Traditionally, revelers witness the coming of a new calendar year, hoping for it to bestow new opportunities and fortune. Just months ago, however, as clocks struck midnight, public sentiments loomed differently; accompanying the clean slate of a new year was the reminder to reflect.
Many would observe a year since the commencement of the COVID-19 pandemic.
I would be celebrating my 20th birthday.
Karyn Sandlos would grieve the 20-year commemoration of her uncle’s death — the day when former U of T fine arts professor, David Buller, was found dead in his office at U of T’s 1 Spadina Crescent.
The night before, Buller had missed an evening lecture; concerned, his students knocked on his door, unaware that his body, stabbed seven times, lay on the other side. This horrific event occurred on January 18, 2001; Buller’s killer remains unknown to this day.
When I told Sandlos my age, she said, “That is so awesome that you realize you weren’t even born when this happened. That is so powerful to me because it means David isn’t being forgotten. The next generation at University of Toronto is going to have [the] chance to know about this, and that’s so important.”
Sandlos, a U of T graduate herself, informed me that sharing her uncle’s legacy is what inspired her to reach out to The Varsity. Over a Zoom call, Sandlos explained that, following the recent release of an Unsolved Mysteries episode about her uncle’s murder, Sandlos had wanted to “call on [her] network” in the Toronto art scene.
“This case affected so many people: David’s friends, the university — I still hear from his former students,” Sandlos shared. “Many people would like to know the answer to what happened to David Buller, and we’re just going to keep working on this until we get that answered.”
Reflecting on January 18, 2001
Sandlos’ current search for answers is one that echoes the original plea for help she made on behalf of her family following Buller’s death.
“As soon as we realized that the police didn’t have DNA evidence in this case, we were going to need to rely on someone coming forward,” she recalled. “Either somebody who knew something or the person who actually murdered David. I really felt like a public appeal from the family [would] have more impact, say, than the police making a public appeal.”
Although Sandlos has been a relentless advocate for her uncle’s murderer to come forward, she described her initial reaction to his death as numbness. She recalls sharing a cab ride with her roommate immediately after the murder, during which she’d passed Buller’s office.
“I started hearing about the case on the radio. And I said to the cab driver, ‘Have you heard yet whether they caught somebody? Do they know who murdered the professor?’ — almost like it was happening to somebody else, not me. And he said, ‘No, no, no, they haven’t caught anyone yet.’ That was the conversation as we passed what was essentially the crime scene.”
“History counsels patience: / tyrants come, like plagues, but none / can rule the roost for ever.”
These lines are from W. H. Auden’s poem “Loneliness,” a work that Sandlos claimed inspired Buller’s final painting. She explained that her uncle embedded some of Auden’s words in his piece, which he titled “History Counsels Patience.”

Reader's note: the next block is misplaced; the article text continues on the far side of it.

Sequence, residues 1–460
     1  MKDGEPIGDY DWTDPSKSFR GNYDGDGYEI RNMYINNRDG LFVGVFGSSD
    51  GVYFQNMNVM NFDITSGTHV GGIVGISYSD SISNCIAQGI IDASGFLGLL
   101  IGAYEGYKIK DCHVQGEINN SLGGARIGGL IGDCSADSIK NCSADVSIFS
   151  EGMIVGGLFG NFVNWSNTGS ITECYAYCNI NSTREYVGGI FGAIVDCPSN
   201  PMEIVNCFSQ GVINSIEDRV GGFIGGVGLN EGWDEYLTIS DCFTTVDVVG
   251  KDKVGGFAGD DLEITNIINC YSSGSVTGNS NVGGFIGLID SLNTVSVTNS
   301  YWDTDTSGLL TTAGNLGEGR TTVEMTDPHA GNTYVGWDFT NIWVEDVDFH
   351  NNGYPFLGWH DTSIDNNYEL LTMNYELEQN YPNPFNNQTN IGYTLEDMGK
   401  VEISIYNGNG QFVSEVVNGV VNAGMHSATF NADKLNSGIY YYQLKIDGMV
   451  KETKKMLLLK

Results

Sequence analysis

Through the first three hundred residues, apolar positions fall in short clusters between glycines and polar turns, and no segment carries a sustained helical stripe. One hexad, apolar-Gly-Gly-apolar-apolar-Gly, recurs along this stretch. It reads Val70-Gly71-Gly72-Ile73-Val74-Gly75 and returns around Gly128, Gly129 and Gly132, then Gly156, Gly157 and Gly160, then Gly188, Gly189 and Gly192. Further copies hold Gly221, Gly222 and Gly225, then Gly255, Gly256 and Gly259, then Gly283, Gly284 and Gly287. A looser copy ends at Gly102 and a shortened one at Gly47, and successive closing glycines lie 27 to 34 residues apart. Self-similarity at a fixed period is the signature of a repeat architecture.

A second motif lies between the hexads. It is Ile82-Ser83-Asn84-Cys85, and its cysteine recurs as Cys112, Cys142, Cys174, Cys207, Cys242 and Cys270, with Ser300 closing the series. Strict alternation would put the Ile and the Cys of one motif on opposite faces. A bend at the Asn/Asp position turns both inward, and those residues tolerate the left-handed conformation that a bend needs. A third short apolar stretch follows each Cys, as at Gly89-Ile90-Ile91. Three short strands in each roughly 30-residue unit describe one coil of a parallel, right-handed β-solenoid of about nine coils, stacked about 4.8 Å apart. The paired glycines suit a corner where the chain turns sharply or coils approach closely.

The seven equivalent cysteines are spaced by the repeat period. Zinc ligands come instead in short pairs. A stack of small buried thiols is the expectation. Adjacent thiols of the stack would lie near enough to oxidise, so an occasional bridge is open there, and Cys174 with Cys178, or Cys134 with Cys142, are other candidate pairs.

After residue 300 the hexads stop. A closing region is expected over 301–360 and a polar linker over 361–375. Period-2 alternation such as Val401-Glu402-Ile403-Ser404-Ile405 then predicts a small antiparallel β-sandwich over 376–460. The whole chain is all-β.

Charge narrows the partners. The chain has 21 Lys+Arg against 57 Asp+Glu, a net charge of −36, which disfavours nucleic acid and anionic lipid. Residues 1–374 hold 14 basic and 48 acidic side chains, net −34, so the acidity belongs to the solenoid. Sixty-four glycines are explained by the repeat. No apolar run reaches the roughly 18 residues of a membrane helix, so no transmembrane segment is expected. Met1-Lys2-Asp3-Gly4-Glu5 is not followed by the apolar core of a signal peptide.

“I go back to those lines; I have them on a card above my desk. I look at them every day, multiple times a day,” Sandlos reflected. “It almost feels like a communication from David. How is it that in his final painting, he had something he wanted to communicate to the world about patience and about time?”
When asked if her uncle often explained his paintings to her, Sandlos said that Buller did not often give lectures. Rather, he was “always interested” in the lives of his nieces and nephew. Buller’s curiosity is a characteristic Sandlos vividly remembered from having once watched a recording of one of his lectures.
“He was always researching and visiting art exhibitions so that he could be current in what he was teaching,” Sandlos mentioned.
“He was somebody who particularly [LGBTQ+] students gravitated toward because he was openly gay, and he was someone who would support research in queer histories that a lot of students would be interested in, but they wouldn’t necessarily undertake that research without support from a faculty member.”
Sandlos, now an associate professor of art and education at the University of Illinois at Chicago, claimed that her uncle’s attentive approach to teaching has impacted how she interacts with her students.
“We always think of teaching as being about giving information, knowledge… What’s equally as important — maybe more important — in teaching is listening: being curious about somebody else, helping somebody formulate what they’re about, as an artist and a person.”
Buller’s influence as an uncle
Though she was unable to discuss art with her uncle before his death, Sandlos remembered regularly being inspired by Buller’s talent.
“David’s mother had two ginormous abstract canvases of David’s up in her dining room, and they were facing each other on opposite walls, so they kind of framed the room,” Sandlos described.
“I just thought they were so different from anything else I’d seen anywhere else; they were full of colour and movement and emotion,” Sandlos remembered.
“Eventually, I made the connection like, ‘Oh, my funny uncle makes this really interesting abstract art that is saying things about the world and about him… but not in a literal way, not in a representational way.’ ”
Most importantly, Sandlos attributed Buller’s art to “shaping [her] worldview” by teaching her that art consists of indirect expression.
“We can communicate through abstraction — sometimes more powerfully than through language or through more direct means.”
Editor’s note (March 29): This article has been updated to correct Sandlos’ position.